On the other hand, there are times when it’s just a lot easier to handle authorization in the controller. For example, if guests should never access my “Admin” module, it doesn’t make sense to ever let them access /admin/ URLs. Also, if you’re using Zend_Navigation, having ACL resources that match controller actions lets you utilize its ACL integration.

If you’re ever going to mix these two techniques, you’ll eventually bump into the case where a model and a controller share the same name. What if you need to set permissions on a “user” controller and different permissions on a “user” model? This is where namespacing comes into play. As suggested by the Zend Framework manual, I always name my controller action resources in the format mvc:module.controller.action. I name my model resources similarly, in the format model:module.modelName.methodName. In both theses cases, “mvc” and “model” are the namespace, and everything following the colon is the actual resource name. Now I can refer to my “admin” module as mvc:admin and the models within my admin module as model:admin.

This is where things get interesting.

Read on; “Namespacing ACL resources & Galahad_Acl”.

Chris continues; Right now I treat my models as resources with a special exception for the user model which is both a resource and a role. Then I actually make the models responsible for managing their own ACL permissions, both setting them up and querying them. To facilitate that, I have a base model class that does a few things. First it has a way to inject an ACL instance into the model as well as a way to pass an ACL instance as the default ACL for all models (which I do in my bootstrap). Second it automatically adds itself to that ACL (with the resource id model:moduleName.modelName). Finally, I have an _initAcl() method which is called when my model is instantiated which adds the appropriate rules to the ACL if they don’t already exist. Whenever my model is doing something that is access-controlled I check the ACL right then.

Here’s a simple code example:

class Default_Model_Post extends Galahad_Model_Entity
protected function _initAcl($acl)
// Deny permissions to anything on this model unless explicitly allowed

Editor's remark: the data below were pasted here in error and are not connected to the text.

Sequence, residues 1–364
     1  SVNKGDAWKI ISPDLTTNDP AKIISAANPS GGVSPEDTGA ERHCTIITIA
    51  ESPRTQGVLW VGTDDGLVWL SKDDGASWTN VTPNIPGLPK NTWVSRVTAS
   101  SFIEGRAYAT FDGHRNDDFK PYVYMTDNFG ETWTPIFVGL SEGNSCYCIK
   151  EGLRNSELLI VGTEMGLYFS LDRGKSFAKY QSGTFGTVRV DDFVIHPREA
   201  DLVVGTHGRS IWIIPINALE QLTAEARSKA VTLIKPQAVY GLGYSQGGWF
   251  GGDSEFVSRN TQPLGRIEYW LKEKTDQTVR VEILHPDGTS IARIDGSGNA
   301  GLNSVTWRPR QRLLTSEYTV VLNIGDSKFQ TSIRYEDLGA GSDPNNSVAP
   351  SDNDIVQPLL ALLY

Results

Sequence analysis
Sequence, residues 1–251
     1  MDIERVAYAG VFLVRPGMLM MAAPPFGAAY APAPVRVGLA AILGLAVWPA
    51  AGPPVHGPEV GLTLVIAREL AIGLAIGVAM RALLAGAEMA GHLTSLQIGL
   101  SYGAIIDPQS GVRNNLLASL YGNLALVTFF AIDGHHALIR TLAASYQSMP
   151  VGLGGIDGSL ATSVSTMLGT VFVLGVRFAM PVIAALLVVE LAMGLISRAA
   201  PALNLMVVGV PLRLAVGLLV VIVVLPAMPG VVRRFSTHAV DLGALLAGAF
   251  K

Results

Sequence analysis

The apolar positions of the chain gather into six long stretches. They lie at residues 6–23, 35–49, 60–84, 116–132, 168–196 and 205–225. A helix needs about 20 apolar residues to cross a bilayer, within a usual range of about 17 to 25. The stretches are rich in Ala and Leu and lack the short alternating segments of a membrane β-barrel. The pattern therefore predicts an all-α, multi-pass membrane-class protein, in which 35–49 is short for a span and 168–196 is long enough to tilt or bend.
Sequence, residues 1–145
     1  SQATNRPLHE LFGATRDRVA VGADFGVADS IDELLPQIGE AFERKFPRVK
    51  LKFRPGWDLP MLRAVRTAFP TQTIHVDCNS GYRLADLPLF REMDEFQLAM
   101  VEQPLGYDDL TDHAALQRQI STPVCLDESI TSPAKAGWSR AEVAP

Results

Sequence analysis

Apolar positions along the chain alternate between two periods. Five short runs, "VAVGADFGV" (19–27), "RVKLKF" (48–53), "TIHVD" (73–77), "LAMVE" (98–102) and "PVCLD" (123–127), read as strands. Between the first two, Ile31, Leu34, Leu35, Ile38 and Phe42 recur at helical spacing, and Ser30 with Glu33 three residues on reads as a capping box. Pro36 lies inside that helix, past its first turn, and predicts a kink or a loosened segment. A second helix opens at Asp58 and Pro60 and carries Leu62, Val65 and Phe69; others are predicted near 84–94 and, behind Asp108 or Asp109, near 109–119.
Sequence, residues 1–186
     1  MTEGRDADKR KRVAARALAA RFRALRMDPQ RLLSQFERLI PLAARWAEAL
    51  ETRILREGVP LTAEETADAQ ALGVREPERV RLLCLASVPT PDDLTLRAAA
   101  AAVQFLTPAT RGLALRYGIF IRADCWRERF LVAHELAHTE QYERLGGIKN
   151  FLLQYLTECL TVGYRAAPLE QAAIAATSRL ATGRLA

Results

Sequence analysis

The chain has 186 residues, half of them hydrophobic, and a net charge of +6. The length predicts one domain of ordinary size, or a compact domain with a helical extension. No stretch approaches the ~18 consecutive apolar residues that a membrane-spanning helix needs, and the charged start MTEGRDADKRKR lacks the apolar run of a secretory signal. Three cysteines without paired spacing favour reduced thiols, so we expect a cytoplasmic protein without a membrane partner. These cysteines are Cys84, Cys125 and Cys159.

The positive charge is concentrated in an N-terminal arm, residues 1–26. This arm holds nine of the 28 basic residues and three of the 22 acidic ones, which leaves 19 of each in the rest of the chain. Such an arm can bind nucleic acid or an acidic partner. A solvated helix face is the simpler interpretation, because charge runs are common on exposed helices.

$acl->deny(null, $this);

// Allow guests to fetch the content of posts
$acl->allow('guest', $this, 'fetch');

// Allow admins to save changes to posts
$acl->allow('admin', $this, 'save');

public function save()
if (!$this->getAcl()->isAllowed($this->getRole(), $this, 'save')) {
throw new Galahad_Acl_Exception('Current user is not allowed to save posts.');

$dataMapper = $this->getDataMapper();
return $dataMapper->save($this);

There’s a little bit more happening in there (for example, I also have helper methods like getRole(), which either gets the role ID stored in the model or grabs it from Zend_Auth if available), but you should get the picture.

That way my access control is happening when the access itself is happening. No matter how my model is used, the ACL is always queried right when it matters. I also like setting up the ACL this way because all rules are loaded into the the ACL only when they could potentially apply (you never need the rules for a Post model if the current request never even loads the Post class).

This is something I’ve been thinking about a lot lately, and I’m just settling into this method. I just blogged about it a little over a week ago: “Namespacing ACL resources & Galahad_Acl” — if anyone has any comments I’d love to hear them

Logging in Users using Doctrine and Zend_Auth

Jon Lebensold publishes the second part of his series on using Doctrine in combination with Zend_Auth & Zend_Auth_Adaptor; Here’s the second part of my Doctrine / Zend_Auth example. In 15 minutes, we create a logout, login and protected area that’s reliant on the ZC_Auth_Adapter adapter we created in last week’s video. Notice how there’s no code in the IndexController exposing the authentication implementation,